1. Bush and Cheney celebrated the day with a long, passionate, open-mouth kiss

Please Share

The Worst People In American History–To Conservatives

Right Wing News conducted a survey of conservative  bloggers to find out who they thought were the worst twenty-five people in U.S. history. John Wilkes  Booth beat out Nancy Pelosi, but only by one vote. Jimmy Carter leads, followed by Barack Obama. Both are well ahead of Timothy McVeigh, who also trails Ted Kennedy, FDR, and LBJ.  The results:

23) Saul Alinsky (7)
23) Bill Clinton (7)
23) Hillary Clinton (7)
19) Michael Moore (7)
19) George Soros (8)
19) Alger Hiss (8)
19) Al Sharpton (8)
13) Al Gore (9)
13) Noam Chomsky (9)
13) Richard Nixon (9)
13) Jane Fonda (9)
13) Harry Reid (9)
13) Nancy Pelosi (9)
11) John Wilkes Booth (10)
11) Margaret Sanger (10)
9) Aldrich Ames (11)
9) Timothy McVeigh (11)
7) Ted Kennedy (14)
7) Lyndon Johnson (14)
5) Benedict Arnold (17)
5) Woodrow Wilson (17)
4) The Rosenbergs (19)
3) Franklin Delano Roosevelt (21)
2) Barack Obama (23)
1) Jimmy Carter (25)

It also appears that, in their view, we are living in really bad times considering how many of the worst people in American history are now living or were around in the not very distant past.

Please Share

Does Glenn Beck Make It All Up For The Money?

I’ve often speculated that people such as Glenn Beck and  Rush Limbaugh do not really believe most of  the things they say but see their act as a way to make a lot of money. A profile of Glenn Beck in Forbes suggests he says all those crazy things primarily for the money:

You may love or hate him for his outlandish words, but that is how he gets an audience–and sometimes repels advertisers. Some classic Beckisms: “This President, I think, has exposed himself as a guy over and over and over again who has a deep-seated hatred for white people or the white culture” (2009). “Al Gore’s not going to be rounding up Jews and exterminating them. It is the same tactic, however. The goal is different. The goal is globalization” (2007). “I’m thinking about killing Michael Moore, and I’m wondering if I could kill him myself or if I would need to hire somebody to do it” (2005).

With a deadpan, Beck insists that he is not political: “I could give a flying crap about the political process.” Making money, on the other hand, is to be taken very seriously, and controversy is its own coinage. “We’re an entertainment company,” Beck says.

Others also see Beck as more a performer than as someone saying what he believes:

“I don’t necessarily believe that [what Beck says] is reflective of his own personal politics–I don’t even know if he has personal politics,” says Michael Harrison, publisher of Talkers, a trade magazine devoted to talk radio. “I see him as a performer.”

Think Progress points out other examples suggesting that it might be an act:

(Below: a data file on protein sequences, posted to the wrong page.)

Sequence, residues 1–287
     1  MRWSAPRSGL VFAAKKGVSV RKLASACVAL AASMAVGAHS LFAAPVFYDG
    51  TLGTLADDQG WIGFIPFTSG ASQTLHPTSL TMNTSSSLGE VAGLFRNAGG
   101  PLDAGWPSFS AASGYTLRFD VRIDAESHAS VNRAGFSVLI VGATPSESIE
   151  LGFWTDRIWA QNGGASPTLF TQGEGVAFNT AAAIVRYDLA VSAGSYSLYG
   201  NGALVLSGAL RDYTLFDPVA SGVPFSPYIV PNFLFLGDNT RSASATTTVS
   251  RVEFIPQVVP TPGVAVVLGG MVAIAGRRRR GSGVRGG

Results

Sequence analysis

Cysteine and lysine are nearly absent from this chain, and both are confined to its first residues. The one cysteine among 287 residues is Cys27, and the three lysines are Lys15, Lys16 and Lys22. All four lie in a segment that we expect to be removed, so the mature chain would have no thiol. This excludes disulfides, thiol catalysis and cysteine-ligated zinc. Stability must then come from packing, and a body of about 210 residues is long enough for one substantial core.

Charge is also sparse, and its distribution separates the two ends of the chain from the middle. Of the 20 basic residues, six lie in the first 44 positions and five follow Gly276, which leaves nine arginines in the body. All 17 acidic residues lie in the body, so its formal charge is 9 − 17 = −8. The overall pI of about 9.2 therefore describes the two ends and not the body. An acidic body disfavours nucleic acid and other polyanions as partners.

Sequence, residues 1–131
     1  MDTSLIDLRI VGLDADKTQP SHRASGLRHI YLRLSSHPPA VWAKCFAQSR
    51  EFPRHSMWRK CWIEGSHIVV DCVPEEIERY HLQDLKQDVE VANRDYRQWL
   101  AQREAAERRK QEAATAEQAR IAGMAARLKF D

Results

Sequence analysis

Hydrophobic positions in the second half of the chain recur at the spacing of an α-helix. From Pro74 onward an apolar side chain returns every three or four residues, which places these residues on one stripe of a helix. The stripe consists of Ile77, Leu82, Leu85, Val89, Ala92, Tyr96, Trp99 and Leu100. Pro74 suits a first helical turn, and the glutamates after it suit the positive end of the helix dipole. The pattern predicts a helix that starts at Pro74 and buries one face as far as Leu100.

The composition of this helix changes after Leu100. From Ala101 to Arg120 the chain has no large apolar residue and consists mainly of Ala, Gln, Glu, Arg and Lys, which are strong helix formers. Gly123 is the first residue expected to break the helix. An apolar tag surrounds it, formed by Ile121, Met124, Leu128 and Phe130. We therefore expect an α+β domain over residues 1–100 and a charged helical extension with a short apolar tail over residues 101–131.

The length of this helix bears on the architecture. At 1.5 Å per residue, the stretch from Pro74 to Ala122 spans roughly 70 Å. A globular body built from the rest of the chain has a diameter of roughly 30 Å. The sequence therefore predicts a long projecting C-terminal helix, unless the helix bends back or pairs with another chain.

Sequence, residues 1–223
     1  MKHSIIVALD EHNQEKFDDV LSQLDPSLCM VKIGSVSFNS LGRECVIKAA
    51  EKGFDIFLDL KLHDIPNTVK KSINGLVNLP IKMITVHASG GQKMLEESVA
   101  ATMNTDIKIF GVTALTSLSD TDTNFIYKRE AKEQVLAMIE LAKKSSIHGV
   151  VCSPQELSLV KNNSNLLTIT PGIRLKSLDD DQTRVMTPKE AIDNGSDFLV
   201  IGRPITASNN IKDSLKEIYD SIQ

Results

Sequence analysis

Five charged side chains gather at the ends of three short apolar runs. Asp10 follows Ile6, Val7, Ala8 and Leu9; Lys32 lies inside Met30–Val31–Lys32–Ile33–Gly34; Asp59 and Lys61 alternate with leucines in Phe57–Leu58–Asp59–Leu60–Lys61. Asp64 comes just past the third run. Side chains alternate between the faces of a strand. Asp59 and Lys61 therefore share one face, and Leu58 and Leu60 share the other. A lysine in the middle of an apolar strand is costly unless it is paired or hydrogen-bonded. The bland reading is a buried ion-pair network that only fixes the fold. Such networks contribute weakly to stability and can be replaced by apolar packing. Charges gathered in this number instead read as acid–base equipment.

In February he told USA Weekend that “you’d have to be an idiot” to “not notice the temperature change” caused by global warming, and that he thinks mankind may play a significant role in the phenomenon. Beck has previously described himself as “a rodeo clown” and conceded, “If you take what I say as gospel, you’re an idiot.”

If it really is the case that Back does not believe what he says, and that he doesn’t “give a flying crap” about politics, he is getting a large number of people out protesting on false pretenses. It might not be Beck who is the crazy one, but al those people who listen to him. We’ve already known that the right wing protesters are often basing their protests on false information. I’m not sure if it makes it better or worse to find out that one of the prime sources of their misinformation is intentionally playing games with them.

Please Share

Al Gore Warns We Can’t Wish Away Climate Change

Al Gore has an op-ed in The New York Times warning that We Can’t Wish Away Climate Change:

I, for one, genuinely wish that the climate crisis were an illusion. But unfortunately, the reality of the danger we are courting has not been changed by the discovery of at least two mistakes in the thousands of pages of careful scientific work over the last 22 years by the Intergovernmental Panel on Climate Change. In fact, the crisis is still growing because we are continuing to dump 90 million tons of global-warming pollution every 24 hours into the atmosphere — as if it were an open sewer.

It is true that the climate panel published a flawed overestimate of the melting rate of debris-covered glaciers in the Himalayas, and used information about the Netherlands provided to it by the government, which was later found to be partly inaccurate. In addition, e-mail messages stolen from the University of East Anglia in Britain showed that scientists besieged by an onslaught of hostile, make-work demands from climate skeptics may not have adequately followed the requirements of the British freedom of information law.

But the scientific enterprise will never be completely free of mistakes. What is important is that the overwhelming consensus on global warming remains unchanged. It is also worth noting that the panel’s scientists — acting in good faith on the best information then available to them — probably underestimated the range of sea-level rise in this century, the speed with which the Arctic ice cap is disappearing and the speed with which some of the large glacial flows in Antarctica and Greenland are melting and racing to the sea.